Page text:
The theory of
is concerned with describing and studying the evolution of systems over time, where a ‘system’ is represented as a vector of variables, and there is a fixed rule governing how the system evolves. Dynamical systems originate in the development of Newtonian mechanics, and have widespread applications in many areas of science and engineering. Systems that evolve in a piecewise continuous manner (typically via differential equations) are known as
dynamical systems, whereas systems exhibiting discrete transitions (commonly via difference equations) are known as
The theory of dynamical systems comprises a rich body of techniques and results, mainly geared towards the analysis of long-term qualitative behaviour of systems: existence and uniqueness of attractors, fixed points, or periodic points, sensitivity to initial conditions, etc. From a computer-science perspective, it is somewhat surprising to note that the literature is largely devoid of work on
concerning dynamical systems, e.g., whether a fixed point or a particular region will actually be reached in finite time, whether a variable will assume negative values infinitely often, etc. Such questions, in turn, have numerous applications in a wide array of scientific areas, such as theoretical biology (analysis of L-systems, population dynamics), microeconomics (stability of supply-and-demand equilibria in cyclical markets), software verification (termination of linear programs), probabilistic model checking (reachability in Markov chains, stochastic logics), quantum computing (threshold problems for quantum automata), as well as combinatorics, term rewriting, formal languages, cellular automata, the study of generating functions, etc.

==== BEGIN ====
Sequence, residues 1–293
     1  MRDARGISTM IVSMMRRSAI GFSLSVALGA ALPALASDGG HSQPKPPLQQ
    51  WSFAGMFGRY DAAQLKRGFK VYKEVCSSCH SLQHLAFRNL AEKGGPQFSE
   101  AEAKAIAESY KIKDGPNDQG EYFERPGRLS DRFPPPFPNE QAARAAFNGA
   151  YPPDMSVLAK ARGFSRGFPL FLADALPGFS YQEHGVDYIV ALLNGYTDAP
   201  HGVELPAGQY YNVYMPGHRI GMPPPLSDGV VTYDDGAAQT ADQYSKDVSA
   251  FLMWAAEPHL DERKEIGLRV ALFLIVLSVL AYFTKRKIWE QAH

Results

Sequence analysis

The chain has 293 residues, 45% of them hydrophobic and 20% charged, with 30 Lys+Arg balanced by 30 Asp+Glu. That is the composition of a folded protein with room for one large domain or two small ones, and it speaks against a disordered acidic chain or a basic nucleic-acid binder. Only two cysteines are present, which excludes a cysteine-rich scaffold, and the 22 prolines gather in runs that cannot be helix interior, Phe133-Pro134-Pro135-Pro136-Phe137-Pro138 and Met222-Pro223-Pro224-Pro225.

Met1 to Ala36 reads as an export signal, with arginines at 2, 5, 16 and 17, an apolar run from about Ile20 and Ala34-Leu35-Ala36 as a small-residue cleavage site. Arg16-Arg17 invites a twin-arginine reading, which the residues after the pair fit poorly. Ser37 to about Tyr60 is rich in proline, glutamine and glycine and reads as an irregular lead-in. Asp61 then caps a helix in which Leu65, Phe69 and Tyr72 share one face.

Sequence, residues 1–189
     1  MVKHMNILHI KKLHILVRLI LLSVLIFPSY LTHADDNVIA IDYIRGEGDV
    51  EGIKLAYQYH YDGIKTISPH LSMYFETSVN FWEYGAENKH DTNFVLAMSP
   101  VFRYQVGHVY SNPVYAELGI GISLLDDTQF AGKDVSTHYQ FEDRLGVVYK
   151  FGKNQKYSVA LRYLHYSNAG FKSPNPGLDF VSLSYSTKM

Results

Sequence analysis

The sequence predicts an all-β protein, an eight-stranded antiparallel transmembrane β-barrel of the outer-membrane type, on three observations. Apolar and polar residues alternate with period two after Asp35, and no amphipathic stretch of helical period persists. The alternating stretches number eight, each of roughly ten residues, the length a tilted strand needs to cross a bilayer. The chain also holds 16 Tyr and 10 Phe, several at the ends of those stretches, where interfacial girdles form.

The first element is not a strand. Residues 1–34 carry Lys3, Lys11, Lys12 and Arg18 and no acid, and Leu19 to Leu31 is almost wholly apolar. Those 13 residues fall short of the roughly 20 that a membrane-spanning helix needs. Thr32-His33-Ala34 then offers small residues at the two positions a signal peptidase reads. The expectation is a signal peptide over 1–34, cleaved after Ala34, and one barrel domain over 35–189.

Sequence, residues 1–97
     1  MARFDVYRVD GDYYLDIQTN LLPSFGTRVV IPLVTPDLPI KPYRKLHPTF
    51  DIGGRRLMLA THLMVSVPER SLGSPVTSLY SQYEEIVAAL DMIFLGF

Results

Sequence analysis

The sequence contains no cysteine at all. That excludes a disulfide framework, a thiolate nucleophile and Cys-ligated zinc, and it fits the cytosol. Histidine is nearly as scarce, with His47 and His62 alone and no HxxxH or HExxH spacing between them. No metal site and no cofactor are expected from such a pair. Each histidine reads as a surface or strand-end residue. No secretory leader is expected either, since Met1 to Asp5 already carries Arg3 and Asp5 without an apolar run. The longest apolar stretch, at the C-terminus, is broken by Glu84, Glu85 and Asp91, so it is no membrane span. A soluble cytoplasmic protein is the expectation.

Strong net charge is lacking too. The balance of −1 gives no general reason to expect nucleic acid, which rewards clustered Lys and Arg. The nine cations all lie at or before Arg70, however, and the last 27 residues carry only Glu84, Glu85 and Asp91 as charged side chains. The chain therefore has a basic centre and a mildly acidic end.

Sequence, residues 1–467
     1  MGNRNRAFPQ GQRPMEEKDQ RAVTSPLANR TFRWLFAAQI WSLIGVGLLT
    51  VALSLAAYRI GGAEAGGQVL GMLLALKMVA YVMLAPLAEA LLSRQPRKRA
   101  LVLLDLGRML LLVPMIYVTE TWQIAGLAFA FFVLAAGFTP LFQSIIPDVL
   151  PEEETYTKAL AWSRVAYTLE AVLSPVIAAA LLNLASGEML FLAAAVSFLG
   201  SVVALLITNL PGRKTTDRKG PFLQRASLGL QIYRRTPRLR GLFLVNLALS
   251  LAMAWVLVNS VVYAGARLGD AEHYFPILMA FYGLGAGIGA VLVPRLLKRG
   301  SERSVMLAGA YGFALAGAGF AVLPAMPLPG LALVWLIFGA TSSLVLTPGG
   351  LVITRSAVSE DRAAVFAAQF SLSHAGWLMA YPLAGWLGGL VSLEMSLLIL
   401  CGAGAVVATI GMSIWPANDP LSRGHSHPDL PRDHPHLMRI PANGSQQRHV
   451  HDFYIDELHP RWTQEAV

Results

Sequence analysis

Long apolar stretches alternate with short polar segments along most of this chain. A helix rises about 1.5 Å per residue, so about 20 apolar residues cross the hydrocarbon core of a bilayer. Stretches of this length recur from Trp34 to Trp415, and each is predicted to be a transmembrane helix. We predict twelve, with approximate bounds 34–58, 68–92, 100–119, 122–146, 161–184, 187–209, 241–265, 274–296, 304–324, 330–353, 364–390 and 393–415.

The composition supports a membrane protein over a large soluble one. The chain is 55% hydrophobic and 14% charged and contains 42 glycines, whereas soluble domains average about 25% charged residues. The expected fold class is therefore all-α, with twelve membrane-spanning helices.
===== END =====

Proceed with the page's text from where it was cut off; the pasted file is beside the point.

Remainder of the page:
In this tutorial, I will first briefly introduce the main elements of the theory of (both continuous and discrete) dynamical systems, using several illustrative examples. I will then present various interesting decision problems, mainly in the context of discrete
dynamical systems, for which there already are many open questions. Finally, I will survey some of the main known results and techniques, which draw on a wide array of mathematical tools, including linear algebra, algebraic and analytic number theory, real algebraic geometry, and model theory.